BT returned a profit in the last quarter, despite falling sales as its customers reduced spending.
The UK-based operator registered a six percent year-on-year decline in quarterly revenues to €5.8 billion.
Profit increased 17 percent to €575 million.
“We have delivered another quarter of profit growth and the 11th consecutive quarter of double-digit earnings per share growth,” commented CEO Ian Livingston.
However, the numbers fell short of analyst estimates and BT’s share price had fallen over four percent by mid morning on Wednesday.
Ovum analyst Carrie Pawsey added that BT’s profitability was a result of cost-cutting rather than revenue generation.
Gartner analyst Katja Rudd told European Communications that BT still had more work to do to reduce its cost base and that there was still a duplication within the organisation.
All their major business units saw revenues decline with the exception of Openreach, whose sales remained flat.
Global Services fell nine percent, Wholesale eight percent and Retail three precent.
Despite winning contracts from blue chip companies such as Rolls Royce, Tesco and Unilever, Global Services revenue fell due to lower order values and longer lead times, according to a statement.
In particular, the company said problems in Europe and the financial services sector had hit them hard.
“Yet again Global Services was the worst performing division,” said Pawsey.
“It makes up around 38 percent of BT’s total revenues and [its performance] is an on-going concern.”
However, Rudd said BT was performing well in the enterprise segment when benchmarked against other operators.
“BT has improved and is doing better than its peers. It has raised the bar to some extent, but this does not show up in quarter to quarter earnings.”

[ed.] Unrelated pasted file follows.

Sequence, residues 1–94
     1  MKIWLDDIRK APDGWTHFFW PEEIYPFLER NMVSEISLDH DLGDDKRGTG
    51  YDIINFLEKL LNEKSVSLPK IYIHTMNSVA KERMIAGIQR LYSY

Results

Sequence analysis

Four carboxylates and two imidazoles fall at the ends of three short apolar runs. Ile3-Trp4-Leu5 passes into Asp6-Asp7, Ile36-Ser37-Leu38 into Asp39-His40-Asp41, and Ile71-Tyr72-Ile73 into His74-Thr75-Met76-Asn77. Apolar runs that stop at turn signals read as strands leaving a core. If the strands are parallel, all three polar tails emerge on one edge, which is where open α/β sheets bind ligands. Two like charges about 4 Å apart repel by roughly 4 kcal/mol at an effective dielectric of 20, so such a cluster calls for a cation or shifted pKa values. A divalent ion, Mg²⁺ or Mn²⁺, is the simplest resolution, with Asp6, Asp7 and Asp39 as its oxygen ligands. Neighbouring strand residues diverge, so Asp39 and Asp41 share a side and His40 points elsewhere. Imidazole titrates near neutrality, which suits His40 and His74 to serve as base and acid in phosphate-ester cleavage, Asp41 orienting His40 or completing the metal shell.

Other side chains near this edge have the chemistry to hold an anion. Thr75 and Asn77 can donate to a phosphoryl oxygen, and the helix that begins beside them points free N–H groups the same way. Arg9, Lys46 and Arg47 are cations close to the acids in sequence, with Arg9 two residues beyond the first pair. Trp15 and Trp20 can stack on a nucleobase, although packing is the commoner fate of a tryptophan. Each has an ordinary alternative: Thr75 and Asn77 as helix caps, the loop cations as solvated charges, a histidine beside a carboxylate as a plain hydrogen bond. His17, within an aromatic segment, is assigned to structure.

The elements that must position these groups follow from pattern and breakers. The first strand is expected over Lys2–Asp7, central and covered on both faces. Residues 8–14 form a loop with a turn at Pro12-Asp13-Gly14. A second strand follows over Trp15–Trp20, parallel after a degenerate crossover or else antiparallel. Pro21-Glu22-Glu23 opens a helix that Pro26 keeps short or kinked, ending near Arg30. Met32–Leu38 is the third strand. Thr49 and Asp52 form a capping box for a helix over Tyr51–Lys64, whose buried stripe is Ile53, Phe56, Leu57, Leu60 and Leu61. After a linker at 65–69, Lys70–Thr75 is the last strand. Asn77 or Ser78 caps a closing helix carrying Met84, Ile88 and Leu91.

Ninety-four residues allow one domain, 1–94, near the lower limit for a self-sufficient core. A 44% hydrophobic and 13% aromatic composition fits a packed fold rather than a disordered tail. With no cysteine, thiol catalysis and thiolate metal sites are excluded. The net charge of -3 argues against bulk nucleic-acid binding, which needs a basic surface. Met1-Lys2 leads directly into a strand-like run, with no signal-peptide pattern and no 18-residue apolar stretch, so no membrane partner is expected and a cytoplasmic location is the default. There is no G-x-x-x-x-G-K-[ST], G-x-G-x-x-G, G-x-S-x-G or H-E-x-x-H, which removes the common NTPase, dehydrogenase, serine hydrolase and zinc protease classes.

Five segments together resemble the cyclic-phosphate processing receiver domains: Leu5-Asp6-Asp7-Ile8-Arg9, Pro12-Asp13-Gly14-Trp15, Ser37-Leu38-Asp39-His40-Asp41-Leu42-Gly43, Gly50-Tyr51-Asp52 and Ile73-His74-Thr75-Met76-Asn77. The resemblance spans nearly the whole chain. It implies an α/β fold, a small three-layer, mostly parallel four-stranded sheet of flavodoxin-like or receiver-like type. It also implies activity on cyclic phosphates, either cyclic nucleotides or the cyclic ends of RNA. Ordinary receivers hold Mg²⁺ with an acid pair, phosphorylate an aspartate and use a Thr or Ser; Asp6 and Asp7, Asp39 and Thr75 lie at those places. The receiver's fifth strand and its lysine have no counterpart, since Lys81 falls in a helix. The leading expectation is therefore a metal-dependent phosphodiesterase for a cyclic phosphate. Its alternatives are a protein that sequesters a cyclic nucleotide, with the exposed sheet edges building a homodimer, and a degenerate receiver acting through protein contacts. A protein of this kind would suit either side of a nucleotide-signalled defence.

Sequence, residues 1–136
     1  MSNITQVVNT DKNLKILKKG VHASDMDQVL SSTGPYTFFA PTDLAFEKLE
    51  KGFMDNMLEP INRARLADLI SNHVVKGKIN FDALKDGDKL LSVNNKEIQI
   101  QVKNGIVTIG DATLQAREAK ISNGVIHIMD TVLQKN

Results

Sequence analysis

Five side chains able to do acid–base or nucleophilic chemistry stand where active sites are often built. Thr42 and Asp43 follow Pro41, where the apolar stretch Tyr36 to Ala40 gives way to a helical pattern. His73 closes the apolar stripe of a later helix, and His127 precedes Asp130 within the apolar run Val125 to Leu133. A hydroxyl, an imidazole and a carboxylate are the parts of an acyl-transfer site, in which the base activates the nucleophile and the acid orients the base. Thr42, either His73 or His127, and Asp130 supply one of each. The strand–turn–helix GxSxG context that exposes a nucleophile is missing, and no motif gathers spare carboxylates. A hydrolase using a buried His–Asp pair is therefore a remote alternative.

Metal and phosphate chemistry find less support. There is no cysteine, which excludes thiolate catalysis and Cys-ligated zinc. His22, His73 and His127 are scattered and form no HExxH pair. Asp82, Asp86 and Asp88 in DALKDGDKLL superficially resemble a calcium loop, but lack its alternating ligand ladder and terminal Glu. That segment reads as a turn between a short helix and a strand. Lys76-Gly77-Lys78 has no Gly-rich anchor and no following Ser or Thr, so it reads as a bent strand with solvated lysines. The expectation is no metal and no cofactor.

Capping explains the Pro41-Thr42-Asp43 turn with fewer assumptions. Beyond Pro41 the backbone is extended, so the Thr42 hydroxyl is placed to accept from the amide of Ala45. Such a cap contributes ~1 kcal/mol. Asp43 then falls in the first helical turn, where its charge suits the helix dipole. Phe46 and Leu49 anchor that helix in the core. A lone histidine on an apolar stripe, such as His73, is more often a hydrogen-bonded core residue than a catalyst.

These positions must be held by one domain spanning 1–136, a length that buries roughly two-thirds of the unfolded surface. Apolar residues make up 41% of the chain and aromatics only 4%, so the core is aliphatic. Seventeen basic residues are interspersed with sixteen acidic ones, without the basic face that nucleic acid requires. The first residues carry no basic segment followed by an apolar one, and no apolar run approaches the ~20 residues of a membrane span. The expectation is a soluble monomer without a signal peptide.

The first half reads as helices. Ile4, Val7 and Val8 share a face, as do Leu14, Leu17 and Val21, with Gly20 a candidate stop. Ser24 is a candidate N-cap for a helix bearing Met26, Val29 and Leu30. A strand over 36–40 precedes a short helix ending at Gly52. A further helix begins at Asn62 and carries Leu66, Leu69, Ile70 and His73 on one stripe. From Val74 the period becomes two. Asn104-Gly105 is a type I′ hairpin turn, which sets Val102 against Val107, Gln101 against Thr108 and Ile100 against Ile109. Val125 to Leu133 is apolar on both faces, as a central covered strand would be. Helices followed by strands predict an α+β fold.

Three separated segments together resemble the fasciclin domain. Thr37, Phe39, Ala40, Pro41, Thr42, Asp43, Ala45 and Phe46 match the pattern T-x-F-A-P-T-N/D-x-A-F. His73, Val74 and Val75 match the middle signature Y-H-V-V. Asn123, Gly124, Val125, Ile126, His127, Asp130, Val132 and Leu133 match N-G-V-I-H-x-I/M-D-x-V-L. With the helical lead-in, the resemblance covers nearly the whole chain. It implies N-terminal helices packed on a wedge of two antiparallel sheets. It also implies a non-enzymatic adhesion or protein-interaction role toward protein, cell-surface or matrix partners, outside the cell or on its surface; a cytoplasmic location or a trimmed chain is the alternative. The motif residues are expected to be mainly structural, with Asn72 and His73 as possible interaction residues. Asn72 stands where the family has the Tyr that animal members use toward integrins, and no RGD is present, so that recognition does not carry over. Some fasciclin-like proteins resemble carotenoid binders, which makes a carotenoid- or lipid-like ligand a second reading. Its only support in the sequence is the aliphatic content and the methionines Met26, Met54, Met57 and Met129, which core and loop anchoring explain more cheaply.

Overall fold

But she added that enterprise requirements are getting tougher.
“All operators must continue to make the cultural shift to apply their portfolio to enterprise customers’ strategic objectives – it is critical they maintain urgency in this regard.”
A decline in transit revenue driven by mobile termination rate reductions, meanwhile, was blamed for the fall in Wholesale revenue.
Growth in broadband – BT added over 150,000 fibre broadband customers – and an increase in ARPU could not offset the decline in call numbers and lines in the Retail division.
However, Rudd said that the improvements in its broadband strategy were a definite positive.
Livingstone added that the company’s financial performance allows it to keep investing for the future.
“Our engineers are rolling out fibre at pace bringing fibre broadband to over two million more homes and businesses in the quarter and it’s now available to over 11 million premises,” he said.
In addition, BT has spent big on Premier League football rights and was a lead partner in the newly launched YouView IPTV service.
“BT is showing a level of urgency currently that hasn’t been seen over the last decade,” concluded Rudd.
The challenge for Livingstone and his team is to translate this into concrete revenue growth.
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